MuniLand

This time it’s ‘not in my yard’

I’ve written previously about the local hospital in my community trying to complete a massive expansion in the tiny, historic village of Rhinebeck. Rhinebeck is a 300 year-old American treasure with one of the largest collections of nationally landmarked buildings in the nation. The hospital is surrounded with nationally land-marked homes, including my own.

Northern Dutchess Hospital is one of several hospitals run by the non-profit operator Health Quest. The salaries of those who run Health Quest, like most hospital salaries, are in the high six figures (page 29). Northern Dutchess Hospital is highly profitable and is probably subsidizing the money-losing operation of Health Quest’s Putnam Hospital. The hospital has focused on providing specific medical procedures and its birthing center delivered over 870 babies in 2010. The village population is only about 2,700.

I learned of the expansion last March when local papers reported that the developer, Kirchhoff Medical Properties, was seeking a PILOT (payment of lieu of taxes) for the first floor of the hospital expansion. A PILOT would allow that space to be privately owned by the developer and leased out to private doctors as medical offices. The Village Trustees, under media scrutiny, decided that that a plan for privately-leased physician offices in a non-profit hospital does not qualify for a PILOT.

As an adjacent property owner, I was invited to come to a public hearing on the project. Along with several of my neighbors, I got a look at the site plans for the expanded hospital. The plans included cutting down the majority of the 40 to 60-foot trees in the multi-acre lawn in the front of the hospital, paving it and lighting it at night. The historic neighborhood will be given the equivalent of a grocery store parking lot in the hospital’s expansion.

It has been a fight since that June hearing to retain the green space. According to the parking analysis, the massive parking lot is needed for the physician medical offices that are the focus of the proposed PILOT. But the Village Zoning Code does not allow professional medical offices in a hospital. It’s never been clear how the planning board rationalizes contravening the law on this matter. Rhinebeck is recognized nationally as a Tree City and preserving and planting trees has always been a community goal.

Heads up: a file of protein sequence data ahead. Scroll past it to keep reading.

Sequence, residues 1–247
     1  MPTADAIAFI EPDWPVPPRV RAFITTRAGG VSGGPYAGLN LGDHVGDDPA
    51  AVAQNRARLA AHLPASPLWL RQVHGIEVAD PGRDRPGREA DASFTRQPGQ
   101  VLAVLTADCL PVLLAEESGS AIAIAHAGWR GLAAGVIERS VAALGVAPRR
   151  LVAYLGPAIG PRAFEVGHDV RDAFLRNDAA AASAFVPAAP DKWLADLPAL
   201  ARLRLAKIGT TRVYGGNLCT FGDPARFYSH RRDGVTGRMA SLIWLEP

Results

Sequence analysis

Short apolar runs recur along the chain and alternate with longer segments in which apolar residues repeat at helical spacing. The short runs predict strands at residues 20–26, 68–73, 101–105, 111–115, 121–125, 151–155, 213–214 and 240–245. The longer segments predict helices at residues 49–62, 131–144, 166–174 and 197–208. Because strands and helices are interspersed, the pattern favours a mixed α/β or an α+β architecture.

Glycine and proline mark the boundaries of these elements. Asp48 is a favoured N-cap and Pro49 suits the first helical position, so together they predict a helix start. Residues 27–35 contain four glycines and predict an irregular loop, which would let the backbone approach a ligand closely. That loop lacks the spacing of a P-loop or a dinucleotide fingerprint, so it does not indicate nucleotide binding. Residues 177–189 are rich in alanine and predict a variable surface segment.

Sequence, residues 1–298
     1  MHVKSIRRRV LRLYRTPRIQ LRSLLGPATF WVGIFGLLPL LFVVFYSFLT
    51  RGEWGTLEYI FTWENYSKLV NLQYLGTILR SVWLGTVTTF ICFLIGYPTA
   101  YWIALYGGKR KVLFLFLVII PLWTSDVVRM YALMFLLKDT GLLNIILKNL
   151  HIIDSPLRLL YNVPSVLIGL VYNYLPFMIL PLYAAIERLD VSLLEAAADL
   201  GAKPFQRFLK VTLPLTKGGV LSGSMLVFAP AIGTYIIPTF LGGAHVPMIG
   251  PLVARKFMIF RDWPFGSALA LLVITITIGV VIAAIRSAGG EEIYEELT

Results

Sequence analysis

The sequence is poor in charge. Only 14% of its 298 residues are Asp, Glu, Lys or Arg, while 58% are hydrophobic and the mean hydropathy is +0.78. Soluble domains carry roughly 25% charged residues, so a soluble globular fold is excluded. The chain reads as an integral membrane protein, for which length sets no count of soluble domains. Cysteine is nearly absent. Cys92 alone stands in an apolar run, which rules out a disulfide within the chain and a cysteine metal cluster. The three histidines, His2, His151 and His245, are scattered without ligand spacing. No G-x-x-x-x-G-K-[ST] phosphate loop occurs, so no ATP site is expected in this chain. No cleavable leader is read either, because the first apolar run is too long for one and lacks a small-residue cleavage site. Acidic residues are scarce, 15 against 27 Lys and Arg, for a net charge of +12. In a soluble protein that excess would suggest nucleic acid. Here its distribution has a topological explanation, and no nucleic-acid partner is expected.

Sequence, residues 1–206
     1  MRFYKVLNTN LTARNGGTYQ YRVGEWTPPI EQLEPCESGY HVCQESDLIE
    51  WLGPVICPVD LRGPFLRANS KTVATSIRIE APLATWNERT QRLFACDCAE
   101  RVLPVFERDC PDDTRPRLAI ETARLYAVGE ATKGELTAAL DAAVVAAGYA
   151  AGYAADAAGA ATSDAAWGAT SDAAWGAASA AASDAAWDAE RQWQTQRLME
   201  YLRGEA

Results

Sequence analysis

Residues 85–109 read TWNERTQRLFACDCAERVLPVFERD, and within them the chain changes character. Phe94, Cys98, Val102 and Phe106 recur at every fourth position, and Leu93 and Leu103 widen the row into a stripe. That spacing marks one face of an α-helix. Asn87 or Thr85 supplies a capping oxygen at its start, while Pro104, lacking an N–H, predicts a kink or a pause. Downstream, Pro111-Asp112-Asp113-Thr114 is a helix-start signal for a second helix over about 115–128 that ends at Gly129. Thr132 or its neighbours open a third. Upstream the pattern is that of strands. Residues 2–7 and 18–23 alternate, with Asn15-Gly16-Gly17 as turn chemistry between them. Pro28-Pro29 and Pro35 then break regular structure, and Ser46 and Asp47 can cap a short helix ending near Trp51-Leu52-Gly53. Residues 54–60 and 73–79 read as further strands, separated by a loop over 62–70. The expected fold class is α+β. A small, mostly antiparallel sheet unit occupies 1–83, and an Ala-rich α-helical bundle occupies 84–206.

The non-profit tax shell game

Old cities in the Northeast often have high concentrations of non-profit, tax exempt properties such as universities, hospitals and churches. Cities generally receive the bulk of their revenues through property taxation, so for cities with high concentrations of tax exempt properties the tax base can be considerably diminished. Ryan Delaney of WRVO, a public-radio station in upstate New York, reports that Syracuse has an astonishing 56 percent of city properties exempted from property taxes. Delaney drills down into a current fight over tax exemption for a proposed development project. The fight shows how property-tax exemptions are growing and can be just a mask for private development and profit. From Innovationtrails.org:

The project includes a few steps: Cameron Group would lease a small strip of land in front of an off-campus parking garage from the university for $1. Cameron Group would then spend $20 million to construct a new building that will mostly be filled with a fitness center and bookstore, and offering some space for private retail.

The university would rent out the space for its fitness center and bookstore. At the end of the 30-year tax break, ownership of the building would be transferred to the university, and only the private retail space would be taxed.

Providence drowns while Brown thrives

Municipalities across the country are looking to local non-profits to pay for their share of community services. These payments, known as PILOTs, or “payments in lieu of taxes,” are voluntarily contributed by private schools, hospitals and other non-profits as an alternative to paying property taxes. As cities come under more fiscal stress, this will be a growing trend.

The mayor of Providence, Rhode Island, Angel Taveras, is in a wrestling match with Brown University over increasing the school’s annual payments to the city. Taveras is angling to get a bigger sum from Brown, but if he is unsuccessful, then his only option to balance his city’s budget would be to get public unions to agree to concessions. Others, including Robert Flanders, the receiver of nearby Central Falls, believe that Providence’s only option is bankruptcy:

“I don’t see how [Providence] can get out of it without going there,” said Flanders, a former state Supreme Court justice and a partner at Hinckley, Allen & Snyder LLP in Providence. He put Central Falls into bankruptcy in August and has since torn up contracts with city workers and cut pension benefits.

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